By Anna Merlan
By Lee Escobedo
By Alice Laussade
By Scott Reitz
By Claire Lawton
By Kiernan Maletsky
By Anna Merlan
A number of pregnant mysteries arise with the new remake of Robin Hardy's 1973 cult-remembered genre work--namely, what's in this kind of malarkey for gender combat provocateur Neil LaBute, and why was such a high-profile film tossed into theaters last Friday without letting critics see it first? The two simple answers are intertwined: While remaining faithful to some of fellow playwright Anthony Shaffer's original screenplay, LaBute has Americanized the scenario and in doing so has poisoned its well with an old familiar misogyny. At the same time, LaBute is no thriller maker, and the new Wicker Man, which wasn't a horror film the first time around, makes sorry feints at effective creepiness and is paced in scrupulous accordance with Nicolas Cage's disoriented cop-hero, who roams around furrow-browed and uncomprehending of the fairly obvious situation around him.
The original film is partially famous because it is a cultural martyr--the director's cut was mangled by the distributor, and footage was permanently discarded. More than that, it was dumped into theaters and quickly withdrawn, lending the already unclassifiable bizarrerie the air of a secret rite. Having a Catholic policeman infiltrate a secluded Scottish island community that has reverted to sacrificial paganism makes for a tantalizing farrago of ideas, and Hardy's movie is more than a little muddy in terms of subtext that's barely sub. Playing with pantheism in a modern context, the story ends up either endorsing Christianity's less horrific ways and means or simply raining bullets upon the basic idea of religion altogether. That's a barn of a target, even if Shaffer's story concentrates on the surface conflicts and has nothing to say about the primal insecurities and prejudices that fuel religious construction. Much of the discussion, potent or thin, gets mired, in any case, by the latent '60s-flower-child campiness and a slew of honey-dripping soundtrack folk songs about harvest time and agrarian rituals that by themselves could spur you to join Opus Dei.
LaBute's redo is as overwritten as you'd expect, with plenty of the-past-was-no-accident ploys and character traits (a bee allergy, for instance) that--surprise!--emerge as plot functions. But what's more curious is the utter sexlessness of The Wicker Man. Schaffer's conservative, anti-alternative-philosophy point of view has been discarded, as has the nude dancing, the orgies, the hedonistic élan, the sense of sex witchery, all of which made a nice case (in Hardy's film and otherwise) for earth worship over Christian repression. Now Cage's mainland officer, haunted by a highway wreck and in search of a missing girl, has only the Puget Sound colony's irrationally antiquated ways to infuriate him. He's never been to Pennsylvania Dutch country, apparently. LaBute has reinvented the pagans as a mother-goddess-worshipping matriarchy whose main product is honey and whose men are all mysteriously mute and subservient.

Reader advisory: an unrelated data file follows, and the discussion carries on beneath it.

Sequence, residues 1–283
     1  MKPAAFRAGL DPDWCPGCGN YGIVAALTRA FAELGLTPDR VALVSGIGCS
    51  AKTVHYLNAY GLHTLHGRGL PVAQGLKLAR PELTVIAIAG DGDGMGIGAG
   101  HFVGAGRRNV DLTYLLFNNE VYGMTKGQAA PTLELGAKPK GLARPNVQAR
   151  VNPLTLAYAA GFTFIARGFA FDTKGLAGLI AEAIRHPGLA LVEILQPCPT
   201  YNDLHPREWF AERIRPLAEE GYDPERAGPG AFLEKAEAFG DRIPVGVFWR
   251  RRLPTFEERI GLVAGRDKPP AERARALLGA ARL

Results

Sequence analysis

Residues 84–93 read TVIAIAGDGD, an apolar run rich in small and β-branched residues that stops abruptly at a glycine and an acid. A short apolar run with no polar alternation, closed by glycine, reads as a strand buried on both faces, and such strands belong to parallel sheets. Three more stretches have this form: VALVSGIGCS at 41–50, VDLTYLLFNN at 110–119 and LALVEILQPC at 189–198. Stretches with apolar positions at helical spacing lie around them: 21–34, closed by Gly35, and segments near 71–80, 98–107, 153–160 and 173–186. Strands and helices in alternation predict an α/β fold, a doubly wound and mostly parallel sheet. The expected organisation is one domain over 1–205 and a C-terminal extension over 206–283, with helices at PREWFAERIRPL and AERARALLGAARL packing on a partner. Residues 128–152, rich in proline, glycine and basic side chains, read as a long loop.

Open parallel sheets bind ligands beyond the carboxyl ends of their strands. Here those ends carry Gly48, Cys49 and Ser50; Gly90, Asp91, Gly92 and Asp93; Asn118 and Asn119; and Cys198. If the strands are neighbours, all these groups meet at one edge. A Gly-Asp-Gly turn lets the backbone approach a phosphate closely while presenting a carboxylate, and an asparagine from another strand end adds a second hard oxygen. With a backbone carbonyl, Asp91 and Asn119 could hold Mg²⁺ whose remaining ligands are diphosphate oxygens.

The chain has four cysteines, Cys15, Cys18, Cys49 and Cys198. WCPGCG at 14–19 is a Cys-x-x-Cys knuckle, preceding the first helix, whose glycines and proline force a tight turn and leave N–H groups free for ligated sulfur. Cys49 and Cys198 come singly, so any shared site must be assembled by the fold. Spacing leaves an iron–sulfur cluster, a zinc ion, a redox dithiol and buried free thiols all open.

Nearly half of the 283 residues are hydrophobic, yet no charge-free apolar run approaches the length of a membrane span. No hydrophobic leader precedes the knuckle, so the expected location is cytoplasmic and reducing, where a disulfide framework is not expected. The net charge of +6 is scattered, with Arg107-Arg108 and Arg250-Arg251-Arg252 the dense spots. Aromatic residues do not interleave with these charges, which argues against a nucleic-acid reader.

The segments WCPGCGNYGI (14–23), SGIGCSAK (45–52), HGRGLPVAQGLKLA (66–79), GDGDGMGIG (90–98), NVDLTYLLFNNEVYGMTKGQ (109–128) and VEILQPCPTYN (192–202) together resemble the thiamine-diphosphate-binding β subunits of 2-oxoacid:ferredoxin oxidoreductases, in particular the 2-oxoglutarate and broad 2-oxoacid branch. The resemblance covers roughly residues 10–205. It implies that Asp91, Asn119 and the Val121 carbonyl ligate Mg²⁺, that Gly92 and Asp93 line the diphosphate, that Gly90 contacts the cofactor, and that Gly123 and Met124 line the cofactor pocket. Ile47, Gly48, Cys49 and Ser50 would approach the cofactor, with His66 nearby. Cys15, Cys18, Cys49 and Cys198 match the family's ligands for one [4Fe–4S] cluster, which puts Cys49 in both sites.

You can see LaBute coming at you a mile away, his brand of savage-sympathetic woman hating finally unleashed. The silly joy spilling out of Britt Ekland's nude, crooning barmaid in the first version is replaced with icy superiority all around. The film boils down to Cage's hangdog investigator, brought to the island by a pleading letter from his ex-girlfriend (Kate Beahan), barking at implacable and gorgeously forbidding women and, eventually, punching the shit out of several, as the story's timer ticks down to a fertility ritual in which, he has reason to believe, the blond tyke will be sacrificed to the gods. Hardy's film is rife with phalluses; LaBute's is stuffed with menacing womb symbols. Someone should talk to LaBute's mother.
Not that Cage's clueless protagonist doesn't share a rising, helpless masculine rage with the louts from In the Company of Men and Your Friends and Neighbors, but his fate is somewhat worse, a sacrifice made in the name of beleaguered manhood and for the sake of the womanly prerogative to withhold pussy. It's not hard to prefer the Christian-orthodoxy-versus-heathen-freedom head butt of Shaffer's conception, but perhaps that was too tangled a web for LaBute, being a recently "disfellowshipped" Mormon. If only LaBute's ball-covering notions came in a slick, thorny package; as it is, the search for the girl proceeds at a methodical crawl, and the protagonist's irate, walking-in-circles bafflement becomes ours as well, leavened only by Cage's occasional moments of reactive sarcasm. (The cast of willowy, back-to-nature hotties--Leelee Sobieski, Molly Parker, the sad-eyed Beahan, who looks almost faerie enough to be a Lord of the Rings digital extra--don't hurt, even if they are allowed only to act in haughty snippets.) LaBute could've remade Willard with female rats, for all the new film matters, indulging as it does the filmmaker's bitter distrust of women and little else. One must wonder what hard-nosed romantic Johnny Ramone, the original movie's big fan and recipient of a dedication on the remake, would've thought.
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